DOD's anti-phishing policy disables links in outside emails
In an attempt to prevent potential breaches, DOD won’t let users click on HTML links in emails that come from outside the .mil domain.
In an effort to help users avoid phishing scams and other potential threats, the Pentagon is instituting a policy of disabling HTML links in emails that come from outside the .mil domain.
Sean Lyngaas of sister publication FCW reports that the policy is being established gradually but is already in place for most Defense Department users. Richard Hale, DOD deputy CIO for cybersecurity, told FCW that the policy is a coordinated effort between his office and the U.S. Cyber Command, and is part of a larger effort to tighten DOD’s network defenses.
At least some users receiving outside emails will see a subject-line warning that the email is coming from outside DOD, according to the report. Users will still be able to cut and paste the URL into a browser, as they can now with text emails, but the idea behind the policy that that eliminating hot links would get users to think twice before going to a potentially malicious site.
To read FCW’s full report, click here.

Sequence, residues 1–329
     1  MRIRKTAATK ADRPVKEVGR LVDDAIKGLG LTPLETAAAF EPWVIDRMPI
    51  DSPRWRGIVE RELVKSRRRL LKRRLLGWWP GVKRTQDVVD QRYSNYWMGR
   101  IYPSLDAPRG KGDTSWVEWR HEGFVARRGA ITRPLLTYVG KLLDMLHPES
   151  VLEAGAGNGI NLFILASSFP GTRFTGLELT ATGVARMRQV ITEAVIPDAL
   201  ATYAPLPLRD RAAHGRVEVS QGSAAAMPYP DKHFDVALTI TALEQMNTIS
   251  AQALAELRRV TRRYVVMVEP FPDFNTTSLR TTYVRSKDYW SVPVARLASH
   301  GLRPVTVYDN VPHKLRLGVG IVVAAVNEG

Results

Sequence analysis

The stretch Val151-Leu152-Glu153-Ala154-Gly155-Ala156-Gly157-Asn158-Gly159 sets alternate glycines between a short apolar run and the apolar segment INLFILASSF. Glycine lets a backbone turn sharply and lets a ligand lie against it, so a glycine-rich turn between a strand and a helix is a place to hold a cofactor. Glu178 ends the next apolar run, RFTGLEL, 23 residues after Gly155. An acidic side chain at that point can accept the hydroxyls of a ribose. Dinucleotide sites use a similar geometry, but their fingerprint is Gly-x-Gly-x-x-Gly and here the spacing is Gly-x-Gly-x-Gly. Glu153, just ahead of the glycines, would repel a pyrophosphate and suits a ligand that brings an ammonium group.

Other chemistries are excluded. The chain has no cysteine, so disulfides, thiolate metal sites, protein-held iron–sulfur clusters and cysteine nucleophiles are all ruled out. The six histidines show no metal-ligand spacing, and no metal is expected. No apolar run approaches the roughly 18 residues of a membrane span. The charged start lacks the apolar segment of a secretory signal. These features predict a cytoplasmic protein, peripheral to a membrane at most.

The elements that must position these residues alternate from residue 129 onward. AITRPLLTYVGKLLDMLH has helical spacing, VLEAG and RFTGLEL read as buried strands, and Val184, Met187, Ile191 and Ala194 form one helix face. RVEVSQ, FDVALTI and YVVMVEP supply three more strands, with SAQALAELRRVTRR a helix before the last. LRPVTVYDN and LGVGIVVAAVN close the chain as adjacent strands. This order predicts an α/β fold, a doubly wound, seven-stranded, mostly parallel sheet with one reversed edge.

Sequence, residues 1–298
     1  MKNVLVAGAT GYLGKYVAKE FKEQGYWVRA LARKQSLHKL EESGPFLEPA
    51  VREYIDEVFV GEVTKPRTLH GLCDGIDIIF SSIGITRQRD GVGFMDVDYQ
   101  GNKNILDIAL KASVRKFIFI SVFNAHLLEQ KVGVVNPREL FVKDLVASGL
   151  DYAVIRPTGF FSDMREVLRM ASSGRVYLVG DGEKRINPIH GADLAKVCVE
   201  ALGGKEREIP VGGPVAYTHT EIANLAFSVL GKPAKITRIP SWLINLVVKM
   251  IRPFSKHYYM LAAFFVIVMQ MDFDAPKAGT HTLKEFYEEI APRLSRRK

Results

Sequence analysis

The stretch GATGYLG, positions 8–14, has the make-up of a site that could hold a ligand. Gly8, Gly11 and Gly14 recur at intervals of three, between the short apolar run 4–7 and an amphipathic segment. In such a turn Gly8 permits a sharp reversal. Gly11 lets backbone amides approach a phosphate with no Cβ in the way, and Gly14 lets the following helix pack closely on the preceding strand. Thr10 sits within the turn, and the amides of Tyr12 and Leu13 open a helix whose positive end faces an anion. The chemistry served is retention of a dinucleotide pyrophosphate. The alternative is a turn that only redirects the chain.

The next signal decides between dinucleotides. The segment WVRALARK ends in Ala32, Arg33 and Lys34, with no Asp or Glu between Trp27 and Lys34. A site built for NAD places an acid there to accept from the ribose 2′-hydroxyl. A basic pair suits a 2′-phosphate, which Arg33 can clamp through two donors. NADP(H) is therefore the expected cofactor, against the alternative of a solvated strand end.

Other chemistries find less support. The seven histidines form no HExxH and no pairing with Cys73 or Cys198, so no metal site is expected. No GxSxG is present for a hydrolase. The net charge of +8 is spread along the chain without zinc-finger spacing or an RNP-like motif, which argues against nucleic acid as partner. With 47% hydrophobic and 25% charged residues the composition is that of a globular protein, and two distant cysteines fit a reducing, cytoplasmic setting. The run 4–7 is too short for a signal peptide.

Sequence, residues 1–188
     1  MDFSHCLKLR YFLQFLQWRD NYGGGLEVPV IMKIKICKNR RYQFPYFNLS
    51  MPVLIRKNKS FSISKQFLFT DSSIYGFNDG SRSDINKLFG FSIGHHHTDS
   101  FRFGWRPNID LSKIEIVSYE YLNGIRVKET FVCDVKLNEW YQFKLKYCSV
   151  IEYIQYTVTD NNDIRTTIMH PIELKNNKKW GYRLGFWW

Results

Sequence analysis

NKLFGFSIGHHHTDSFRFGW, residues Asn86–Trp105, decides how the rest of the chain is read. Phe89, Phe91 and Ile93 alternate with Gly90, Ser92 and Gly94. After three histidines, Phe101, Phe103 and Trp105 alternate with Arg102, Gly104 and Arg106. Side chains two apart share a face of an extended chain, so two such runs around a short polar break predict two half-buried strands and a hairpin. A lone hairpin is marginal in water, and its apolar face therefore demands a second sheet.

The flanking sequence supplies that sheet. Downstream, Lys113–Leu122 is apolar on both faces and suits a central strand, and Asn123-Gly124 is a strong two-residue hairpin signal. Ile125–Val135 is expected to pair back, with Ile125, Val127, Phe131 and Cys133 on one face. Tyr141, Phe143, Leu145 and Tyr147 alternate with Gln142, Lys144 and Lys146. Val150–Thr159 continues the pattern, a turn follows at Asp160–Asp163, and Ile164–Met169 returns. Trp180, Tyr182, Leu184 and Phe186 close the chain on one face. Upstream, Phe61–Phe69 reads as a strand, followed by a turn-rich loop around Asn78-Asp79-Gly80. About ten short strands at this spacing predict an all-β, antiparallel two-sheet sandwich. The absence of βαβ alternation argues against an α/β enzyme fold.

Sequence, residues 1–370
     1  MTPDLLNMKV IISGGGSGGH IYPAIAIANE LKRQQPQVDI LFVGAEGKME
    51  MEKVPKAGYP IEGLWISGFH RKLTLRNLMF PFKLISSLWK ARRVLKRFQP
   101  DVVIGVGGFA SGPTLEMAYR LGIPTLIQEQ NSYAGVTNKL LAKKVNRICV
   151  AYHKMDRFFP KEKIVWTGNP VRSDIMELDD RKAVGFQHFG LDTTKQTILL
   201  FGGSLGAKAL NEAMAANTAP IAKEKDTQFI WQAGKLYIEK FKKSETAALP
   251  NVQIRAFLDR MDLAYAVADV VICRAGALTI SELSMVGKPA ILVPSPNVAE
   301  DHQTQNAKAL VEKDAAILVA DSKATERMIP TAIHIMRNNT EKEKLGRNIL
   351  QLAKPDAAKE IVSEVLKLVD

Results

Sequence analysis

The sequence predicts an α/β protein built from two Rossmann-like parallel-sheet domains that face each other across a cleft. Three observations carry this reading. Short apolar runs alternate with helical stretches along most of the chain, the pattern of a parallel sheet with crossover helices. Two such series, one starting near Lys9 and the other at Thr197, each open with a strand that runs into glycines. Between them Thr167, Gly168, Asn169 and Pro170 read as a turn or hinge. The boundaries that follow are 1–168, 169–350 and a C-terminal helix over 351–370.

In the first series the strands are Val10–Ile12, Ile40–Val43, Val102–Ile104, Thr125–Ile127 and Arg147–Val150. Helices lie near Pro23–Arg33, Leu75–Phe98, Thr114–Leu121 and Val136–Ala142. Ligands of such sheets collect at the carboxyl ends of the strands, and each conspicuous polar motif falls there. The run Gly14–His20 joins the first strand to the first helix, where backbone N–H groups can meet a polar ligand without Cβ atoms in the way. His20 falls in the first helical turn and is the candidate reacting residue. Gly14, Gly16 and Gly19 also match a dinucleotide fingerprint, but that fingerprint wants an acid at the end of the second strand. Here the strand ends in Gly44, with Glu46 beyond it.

Phishing, which involves fraudulent emails made to look legitimate, is the most common vector used by cyber criminals and spies, because it’s easy to do and it often works. Many of the most notable recent data breaches—including the massive hack earlier this year of the Office of Personnel Management databases—are believed to have started with phishing emails that fooled some users into giving up their credentials. (News of the OPM hack, was followed by another phishing campaign posing as official notification of the OPM breach.)
DOD has been campaigning to raise users’ awareness of phishing, issuing a memo in March advising personnel about safe practices with regard to potential phishing or the more targeted spear-phishing emails, as well as social media sites. The military services and other DOD components, such as the Army and Navy, also offer users advice on what’s often called good cyber hygiene.
The new email policy could have an impact on outside organizations, including Defense Systems, which send its Defense Systems Update newsletter to selected DOD users. Like the other publications in 1105 Media, Defense Systems does already send a text version of its newsletter to subscribers.
NEXT STORY: Air Force to ID targets by their vibrations